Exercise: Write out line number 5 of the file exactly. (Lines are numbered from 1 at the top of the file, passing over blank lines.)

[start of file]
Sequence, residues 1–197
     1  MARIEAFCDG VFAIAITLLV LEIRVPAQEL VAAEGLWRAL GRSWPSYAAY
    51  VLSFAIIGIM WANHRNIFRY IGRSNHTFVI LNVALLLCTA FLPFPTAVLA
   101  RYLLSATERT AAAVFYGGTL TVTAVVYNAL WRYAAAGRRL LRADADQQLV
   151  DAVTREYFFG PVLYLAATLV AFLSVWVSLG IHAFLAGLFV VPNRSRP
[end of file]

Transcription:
   151  DAVTREYFFG PVLYLAATLV AFLSVWVSLG IHAFLAGLFV VPNRSRP